E.P.A. Aide Questioned Deleting Sensitive Meeting Details. Then She Was Fired.
Last summer one of his senior schedulers, Madeline G. Morris, was fired by Mr. Pruitt’s former deputy chief of staff, Kevin Chmielewski, who said he let her go because she was questioning the practice of retroactively deleting meetings from the calendar. Mr. Chmielewski has emerged as a harsh critic of Mr. Pruitt after a bitter falling out that led to his departure from the agency as well.
.. Madeline G. Morris, was fired by Mr. Pruitt’s former deputy chief of staff, Kevin Chmielewski, who said he let her go because she was questioning the practice of retroactively deleting meetings from the calendar.
.. One case involved the deletion of several of Mr. Pruitt’s meetings during a spring 2017 trip to Rome, including one with a controversial cardinal then under investigation for sexual assault.
.. The E.P.A. acknowledged in a series of legal memos last year that it did in fact direct an agency scheduler — although it did not name the person — to revise Mr. Pruitt’s daily calendar retroactively. The agency said it was doing so to remove errors that had been left in the electronic record after various events were canceled or happened differently than expected.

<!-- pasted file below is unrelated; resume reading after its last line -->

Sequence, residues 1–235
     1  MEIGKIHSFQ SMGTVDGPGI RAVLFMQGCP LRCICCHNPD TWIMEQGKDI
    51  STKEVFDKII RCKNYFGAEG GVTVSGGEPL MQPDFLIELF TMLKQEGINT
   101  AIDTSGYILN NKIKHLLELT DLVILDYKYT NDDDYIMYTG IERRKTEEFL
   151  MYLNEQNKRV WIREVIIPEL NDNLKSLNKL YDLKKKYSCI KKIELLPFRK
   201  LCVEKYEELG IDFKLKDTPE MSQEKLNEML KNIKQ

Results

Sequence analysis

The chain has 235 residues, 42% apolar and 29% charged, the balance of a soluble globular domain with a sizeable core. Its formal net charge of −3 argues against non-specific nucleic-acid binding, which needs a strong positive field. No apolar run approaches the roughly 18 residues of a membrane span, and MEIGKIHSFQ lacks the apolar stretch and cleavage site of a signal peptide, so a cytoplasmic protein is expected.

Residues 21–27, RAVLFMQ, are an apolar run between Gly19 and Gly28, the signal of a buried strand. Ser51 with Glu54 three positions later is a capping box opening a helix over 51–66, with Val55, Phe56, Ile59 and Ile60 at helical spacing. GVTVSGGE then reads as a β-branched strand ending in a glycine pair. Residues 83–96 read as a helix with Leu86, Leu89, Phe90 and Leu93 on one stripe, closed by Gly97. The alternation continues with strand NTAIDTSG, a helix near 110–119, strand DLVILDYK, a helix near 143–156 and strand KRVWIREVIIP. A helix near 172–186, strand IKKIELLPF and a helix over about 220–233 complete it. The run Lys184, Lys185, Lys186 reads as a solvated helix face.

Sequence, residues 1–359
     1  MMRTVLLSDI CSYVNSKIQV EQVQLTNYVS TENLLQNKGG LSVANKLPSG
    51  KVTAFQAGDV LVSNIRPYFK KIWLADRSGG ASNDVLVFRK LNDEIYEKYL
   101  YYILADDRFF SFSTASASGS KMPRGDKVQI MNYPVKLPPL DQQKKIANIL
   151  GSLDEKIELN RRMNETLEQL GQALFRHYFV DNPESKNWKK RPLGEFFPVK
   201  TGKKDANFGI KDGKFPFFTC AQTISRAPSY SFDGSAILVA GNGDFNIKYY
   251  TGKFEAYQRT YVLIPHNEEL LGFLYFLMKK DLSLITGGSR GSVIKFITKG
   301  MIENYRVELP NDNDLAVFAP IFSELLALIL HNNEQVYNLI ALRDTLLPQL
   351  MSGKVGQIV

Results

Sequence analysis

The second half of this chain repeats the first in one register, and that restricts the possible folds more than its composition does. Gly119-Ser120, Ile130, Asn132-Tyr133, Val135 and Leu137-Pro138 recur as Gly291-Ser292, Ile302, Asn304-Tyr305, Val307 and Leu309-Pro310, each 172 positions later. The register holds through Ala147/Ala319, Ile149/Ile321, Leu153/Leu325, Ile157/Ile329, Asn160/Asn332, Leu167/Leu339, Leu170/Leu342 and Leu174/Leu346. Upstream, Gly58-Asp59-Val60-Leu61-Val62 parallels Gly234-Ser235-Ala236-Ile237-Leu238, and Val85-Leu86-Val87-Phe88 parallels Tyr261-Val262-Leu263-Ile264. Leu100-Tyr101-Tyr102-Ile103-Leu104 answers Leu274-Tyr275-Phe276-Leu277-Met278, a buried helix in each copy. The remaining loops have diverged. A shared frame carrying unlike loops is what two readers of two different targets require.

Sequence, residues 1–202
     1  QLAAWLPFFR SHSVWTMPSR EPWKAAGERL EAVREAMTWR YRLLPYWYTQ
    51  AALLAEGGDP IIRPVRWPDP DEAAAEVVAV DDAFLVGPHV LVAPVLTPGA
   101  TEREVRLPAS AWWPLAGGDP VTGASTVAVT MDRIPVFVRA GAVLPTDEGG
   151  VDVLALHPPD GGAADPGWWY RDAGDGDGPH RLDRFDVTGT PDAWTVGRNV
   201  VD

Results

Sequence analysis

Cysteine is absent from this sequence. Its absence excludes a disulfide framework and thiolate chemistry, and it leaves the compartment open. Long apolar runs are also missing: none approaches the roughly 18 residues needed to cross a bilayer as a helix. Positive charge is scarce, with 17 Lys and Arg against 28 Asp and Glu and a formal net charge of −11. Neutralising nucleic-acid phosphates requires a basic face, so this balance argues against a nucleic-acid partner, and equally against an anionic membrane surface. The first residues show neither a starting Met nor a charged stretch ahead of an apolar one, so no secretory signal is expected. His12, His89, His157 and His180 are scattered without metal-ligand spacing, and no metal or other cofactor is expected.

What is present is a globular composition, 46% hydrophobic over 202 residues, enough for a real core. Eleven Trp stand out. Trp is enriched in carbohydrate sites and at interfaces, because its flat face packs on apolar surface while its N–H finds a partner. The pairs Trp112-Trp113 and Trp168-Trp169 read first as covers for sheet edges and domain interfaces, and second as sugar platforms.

.. Ryan Jackson, Mr. Pruitt’s chief of staff, dismissed Mr. Chmielewski’s criticism as a fabrication by a disgruntled former employee. “Whatever he’s telling you about altering calendars is not correct,”
.. Ms. Morris was called last July by two agency lawyers, who told her that the changes she was making to Mr. Pruitt’s schedule might be illegal, according to a person familiar with the conversation. The following month, Ms. Morris noticed that a number of changes had been made to the record of a trip Mr. Pruitt had taken to Italy. Ms. Morris questioned the legality of the changes to Mr. Chmielewski and Mr. Jackson, and a few days later was fired, he said.
.. In another potential violation of federal law, the E.P.A. continued to pay Ms. Morris for six weeks after she was fired from the agency.
.. In July 2017, according to Mr. Chmielewski, Ms. Morris was instructed by him and Mr. Jackson to retroactively delete some meetings Mr. Pruitt held with lobbyists and replace them with staff meetings in the calendar, which was maintained in Microsoft Outlook. He and other people familiar with the calendar also said Ms. Morris was asked not to enter some of Mr. Pruitt’s meetings on the official calendar.
.. Mr. Chmielewski cited an August 2017 meeting with billionaire Denver-based businessman Philip Anschutz, a prominent donor to Republican Senate candidates and owner of an energy company regulated by the agency. Mr. Pruitt’s calendar for that day, which was publicly released, does not include the meeting.
.. including a special tour of the necropolis below St. Peter’s Basilica — as well as one meeting with Cardinal George Pell, a prominent Vatican leader who was then being investigated on allegations of sexual abuse.